How to Be a 21st-Century CrimeBuSter

Behind the Scenes At Cal State LA’s California Forensic Science Institute


You've seen "Dexter," "CSI," and "Law & Order: SVU." And while the scenarios on TV aren't exactly what happens in a real criminalistics lab, forensic scientists are key to understanding what happened at a crime scene. And they're often the linchpin to apprehending and trying a suspected criminal.

California State University, Los Angeles is home to the California Forensic Science Institute, the largest municipal and regional crime lab in the U.S. It also houses the School of Criminal Justice and Criminalistics, led by director and criminalistics professor Katherine A. Roberts, Ph.D.

With about 50 graduate students enrolled, it's one of the largest and oldest criminalistics training programs of its kind in the country, and one of only a handful in California.  


Students at Cal State LA’s School of Criminal Justice and Criminalistics learn firsthand about advanced genetic technologies, like using hair to identify a perpetrator. In fact, this is where the Grim Sleeper serial killer, Lonnie David Franklin, Jr., was identified in 2010 through DNA testing.

If you haven't heard the term criminalistics before, you're not alone. But don't confuse it with criminology. Criminology is the study of crime and criminals, while criminalistics is the science and analytics behind the crime. Using biology, chemistry, physics and math, the field of forensics can answer very specific questions at a crime scene.

“Many of our criminalistics students are hired right away because they’ve been involved in all of these incredible opportunities.”
— Dr. Katherine Roberts, director, Cal State LA’s School of Criminal Justice and Criminalistics

What was the trajectory of a bullet through a wall or window? Analysis of bullet holes left in walls or other objects can tell scientists which direction the bullet came from and at what angle.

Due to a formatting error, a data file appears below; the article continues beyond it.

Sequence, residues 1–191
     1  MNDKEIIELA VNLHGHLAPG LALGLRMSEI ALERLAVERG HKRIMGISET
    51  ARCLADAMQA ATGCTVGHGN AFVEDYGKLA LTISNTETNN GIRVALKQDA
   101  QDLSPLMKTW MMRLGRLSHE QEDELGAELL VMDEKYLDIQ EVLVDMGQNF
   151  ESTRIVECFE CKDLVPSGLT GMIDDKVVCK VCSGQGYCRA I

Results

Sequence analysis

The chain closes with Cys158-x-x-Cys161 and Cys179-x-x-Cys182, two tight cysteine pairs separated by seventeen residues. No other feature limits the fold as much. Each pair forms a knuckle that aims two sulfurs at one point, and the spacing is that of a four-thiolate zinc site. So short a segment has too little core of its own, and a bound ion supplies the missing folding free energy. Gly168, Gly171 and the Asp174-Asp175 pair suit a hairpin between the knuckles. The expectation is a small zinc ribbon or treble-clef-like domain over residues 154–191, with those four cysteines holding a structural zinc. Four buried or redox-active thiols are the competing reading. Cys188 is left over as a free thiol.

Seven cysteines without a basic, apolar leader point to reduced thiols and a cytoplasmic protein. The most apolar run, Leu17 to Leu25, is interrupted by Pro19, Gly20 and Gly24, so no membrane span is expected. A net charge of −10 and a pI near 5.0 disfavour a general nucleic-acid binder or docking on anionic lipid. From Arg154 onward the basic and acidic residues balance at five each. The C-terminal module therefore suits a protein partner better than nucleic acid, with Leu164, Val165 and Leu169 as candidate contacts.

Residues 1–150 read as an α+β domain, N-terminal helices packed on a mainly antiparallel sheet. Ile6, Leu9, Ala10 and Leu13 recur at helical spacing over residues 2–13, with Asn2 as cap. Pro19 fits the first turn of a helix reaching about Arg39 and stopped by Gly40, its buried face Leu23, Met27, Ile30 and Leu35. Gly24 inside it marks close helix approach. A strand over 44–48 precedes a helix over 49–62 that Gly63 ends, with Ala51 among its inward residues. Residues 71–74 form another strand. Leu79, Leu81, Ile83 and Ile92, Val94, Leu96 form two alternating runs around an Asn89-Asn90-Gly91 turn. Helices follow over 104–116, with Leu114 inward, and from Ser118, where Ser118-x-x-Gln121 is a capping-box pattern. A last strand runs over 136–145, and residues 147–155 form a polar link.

What do tire markings reveal? Intricate analysis of these marks can identify the type and direction of a vehicle.

Forensics analysis can determine whether a tattered shirt was ruined by a bullet, knife or other weapon by analyzing a single thread.

In the forensic institute’s labs at Cal State LA, firearms are identified, blood splatter is analyzed through luminol testing, shoes and tire marks are inspected, and narcotics and toxicology screenings are conducted. Students are taught to perform all these tests, and many assist the Los Angeles Police Department and the Los Angeles Sheriff’s Department while working at the institute.

In the lab’s “crime studio,” students will see bloody shoe and hand prints, gunshot-ridden surfaces, and bloody knives — all of which evoke the real crime scenes they’ll need to analyze as professionals.

Criminalists test residue for DNA and to confirm whether the substance is human blood or something else — including an attempt by the perpetrator to cover up their crime.

According to the Bureau of Labor and Statistics, the Metropolitan Los Angeles area is home to the most forensic science jobs in the country, earning, on average, $92,250 a year. It’s a hot profession, with the need for forensic scientists expected to grow 17 percent between 2016 and 2026.

Graduates from Cal State LA’s two-year forensics graduate program go on to work in forensic laboratories, federal agencies and consulting firms across the nation.

The program trains students to locate and protect evidence at crime scenes as well as how to work with law enforcement officials, conduct analyses and research, and even testify in court.


Through blood splatter analysis — conducted with the chemical luminol and alternate light sources — scientists can determine the type of weapon used, the distance and location of the victim and assailant, and even assist in identifying the culprit.

The Hertzberg-Davis Forensic Science Center is the largest municipal/regional crime lab in the country. The center is also home to the Los Angeles Sheriff’s Crime Lab and the Los Angeles Police Department’s Scientific Investigation Department, as well as the Cal State LA School of Criminal Justice and Criminalistics.

The center offers an interactive, high-quality graduate program for students interested in pursuing a career in forensic science. Shown (from left to right) are current students Andrea Munoz, Adrian Rendon, Kayla Balasbas, Chelsea Wiley and Naomi Weisz. For more information, visit the M.S. in Criminalistics program at Cal State LA.

Story by Angie Marcos
Photographs by Patrick Record

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